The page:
In other words, as is shown in FIG. 5, when the club is swung describing a swing trail T, starting from address (a) and leading to take-back (b), impact (a), and follow-through (c), if the metal leaf 4 in the shaft 1 is kept parallel to the face 3a of the head, the metal leaf 4 does not twist in relation to the shaft 1, as is shown in FIG. 6, and therefore no sliding noise is produced. The golf ball is denoted by numeral 6.
On the other hand, as is shown in FIG. 7, when the club is swung describing a swing trail T, and the metal leaf 4 is not in parallel to the hitting face 3a of the head 3, the metal leaf 4 twists as shown in FIG. 8 and both the longitudinal edges slide in contact with the inner surfaces of the shaft so that a sliding noise is produced, which identifies a "twist swing". In this case, the direction in which the metal leaf 4 twists during a downswing is opposite to that during a follow-through (c) as shown in FIG. 7.
As described above, according to this invention, the shaft of the club is composed of a material which is flexible in any direction, and a metal leaf which is easy to twist and which has a width sufficient to keep the two sides of its both ends in contact with the inner surface of the shaft at diametrically opposing points of the inner surface, is fixed at both ends of the shaft at a position such that the metal leaf is parallel to the hitting face of the head. In other words, this invention provides a golf club which enables a player himself to easily distinguish a "twist swing" from a good or unfavorable swing during the act of swinging.
Accordingly, practice with a golf club according to the invention can heighten the chances of correcting a "twist swing".
While there has been described what is at present considered to be a preferred embodiment of the invention, it will be understood that various modifications may be made therein, and it is intended that the appended claims cover all such modifications as fall within the true spirit and scope of the invention.
As mentioned above, when the club is incorrectly swung out of the proper trail, a sliding noise which can be heard by the golf swinger is produced. Conversely speaking, when a golfer uses a golf club according to the present invention and is mindful of a proper swing, no sliding noise is produced and a struck golf ball will be driven correctly and straight to the target.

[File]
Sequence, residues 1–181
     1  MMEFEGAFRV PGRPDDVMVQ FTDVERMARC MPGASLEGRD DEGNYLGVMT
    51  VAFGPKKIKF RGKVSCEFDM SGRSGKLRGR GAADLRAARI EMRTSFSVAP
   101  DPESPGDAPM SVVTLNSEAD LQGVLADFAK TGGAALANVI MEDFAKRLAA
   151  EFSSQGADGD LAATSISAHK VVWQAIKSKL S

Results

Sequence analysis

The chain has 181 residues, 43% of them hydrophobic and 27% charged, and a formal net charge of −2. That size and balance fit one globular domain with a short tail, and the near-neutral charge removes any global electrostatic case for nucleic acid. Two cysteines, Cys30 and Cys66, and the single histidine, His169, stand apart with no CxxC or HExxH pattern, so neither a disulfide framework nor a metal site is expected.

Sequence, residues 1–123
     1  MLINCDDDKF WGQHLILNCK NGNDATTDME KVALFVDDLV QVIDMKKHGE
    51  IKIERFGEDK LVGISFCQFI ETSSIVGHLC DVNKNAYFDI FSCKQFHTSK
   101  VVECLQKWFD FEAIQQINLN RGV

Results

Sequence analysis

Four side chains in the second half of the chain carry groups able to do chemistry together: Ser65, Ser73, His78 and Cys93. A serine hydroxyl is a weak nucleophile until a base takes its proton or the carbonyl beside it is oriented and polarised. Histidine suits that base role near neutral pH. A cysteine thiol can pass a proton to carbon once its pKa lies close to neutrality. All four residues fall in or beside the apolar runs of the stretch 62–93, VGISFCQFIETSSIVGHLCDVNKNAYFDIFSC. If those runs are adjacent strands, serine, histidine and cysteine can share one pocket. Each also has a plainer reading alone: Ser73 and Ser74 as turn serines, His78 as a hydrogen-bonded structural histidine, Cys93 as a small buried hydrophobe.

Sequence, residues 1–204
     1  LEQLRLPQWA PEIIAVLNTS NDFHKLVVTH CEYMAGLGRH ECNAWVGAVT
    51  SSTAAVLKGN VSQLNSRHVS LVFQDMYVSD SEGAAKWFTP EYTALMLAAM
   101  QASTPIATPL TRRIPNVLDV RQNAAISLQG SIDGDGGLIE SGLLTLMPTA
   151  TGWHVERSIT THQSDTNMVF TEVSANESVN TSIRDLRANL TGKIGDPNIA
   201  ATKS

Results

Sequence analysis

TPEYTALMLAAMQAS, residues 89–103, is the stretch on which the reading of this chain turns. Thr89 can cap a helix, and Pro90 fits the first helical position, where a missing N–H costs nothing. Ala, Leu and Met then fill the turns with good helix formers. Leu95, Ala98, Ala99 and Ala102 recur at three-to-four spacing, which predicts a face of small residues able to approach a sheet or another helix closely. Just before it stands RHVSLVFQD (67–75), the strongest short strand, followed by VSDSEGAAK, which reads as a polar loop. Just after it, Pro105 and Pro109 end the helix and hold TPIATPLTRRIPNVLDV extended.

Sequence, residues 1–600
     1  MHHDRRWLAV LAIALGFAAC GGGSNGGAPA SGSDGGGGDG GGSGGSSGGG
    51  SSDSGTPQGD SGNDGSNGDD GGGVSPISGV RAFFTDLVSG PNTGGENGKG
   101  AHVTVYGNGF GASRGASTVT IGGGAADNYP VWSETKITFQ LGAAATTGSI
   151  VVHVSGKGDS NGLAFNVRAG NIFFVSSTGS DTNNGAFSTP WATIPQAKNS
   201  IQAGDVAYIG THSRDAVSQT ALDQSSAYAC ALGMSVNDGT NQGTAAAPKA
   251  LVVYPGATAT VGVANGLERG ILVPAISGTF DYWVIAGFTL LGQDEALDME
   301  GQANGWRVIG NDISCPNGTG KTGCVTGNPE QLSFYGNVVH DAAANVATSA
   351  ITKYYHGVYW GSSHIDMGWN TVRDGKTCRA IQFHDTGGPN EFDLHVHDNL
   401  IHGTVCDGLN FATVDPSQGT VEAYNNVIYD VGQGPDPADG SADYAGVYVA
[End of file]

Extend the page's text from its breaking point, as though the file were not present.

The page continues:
And also, under the good swing of the golf club according to the present invention, it is promisable that a driving distance of the ball will be increased a large margin by the flexibility, elasticity and force of the shaft including the metal leaf and club head of the club. It is needless to say, therefore, that the golf club according to the present invention can be used not only for practice or training but also for a game as a usual golf club in a golf course after the thorough handling of such golf club.
|Cited Patent||Filing date||Publication date||Applicant||Title|
|US1131486 *||Oct 22, 1914||Mar 9, 1915||Henry P Dixon||Golf-club.|
|US3612121 *||Apr 23, 1970||Oct 12, 1971||Estwing Mfg Co||Impact tool|
|Citing Patent||Filing date||Publication date||Applicant||Title|
|US5054781 *||May 10, 1990||Oct 8, 1991||Soong Tsai C||Sports equipment with enhanced flexibility|
|US5083780 *||Jan 29, 1990||Jan 28, 1992||Spalding & Evenflo Companies, Inc.||Golf club shaft having selective reinforcement|
|US5169151 *||Feb 3, 1992||Dec 8, 1992||Conley William P||Electromechanical putting trainer|
|US5190291 *||Mar 20, 1992||Mar 2, 1993||Melvin John N||Golf club which provides sensory information during a swing|
|US5236192 *||Oct 6, 1992||Aug 17, 1993||Pitzel Bernard H||Golf-swing training device|
|US5259617 *||Jan 17, 1992||Nov 9, 1993||Soong Tsai C||Golf club having swivel facilitating means|
|US5409220 *||May 6, 1994||Apr 25, 1995||Lombardo; John B.||Putter with advantageously angled and constructed shaft|
|WO1993014833A1 *||Jan 27, 1993||Aug 5, 1993||Detroit Golf & Sports, Inc.||Electromechanical putting trainer|
|International Classification||A63B53/12, A63B53/10, A63B69/36|
|Nov 16, 1993||REMI||Maintenance fee reminder mailed|
|Apr 10, 1994||LAPS||Lapse for failure to pay maintenance fees|
|Jun 21, 1994||FP||Expired due to failure to pay maintenance fee|
Effective date: 19940410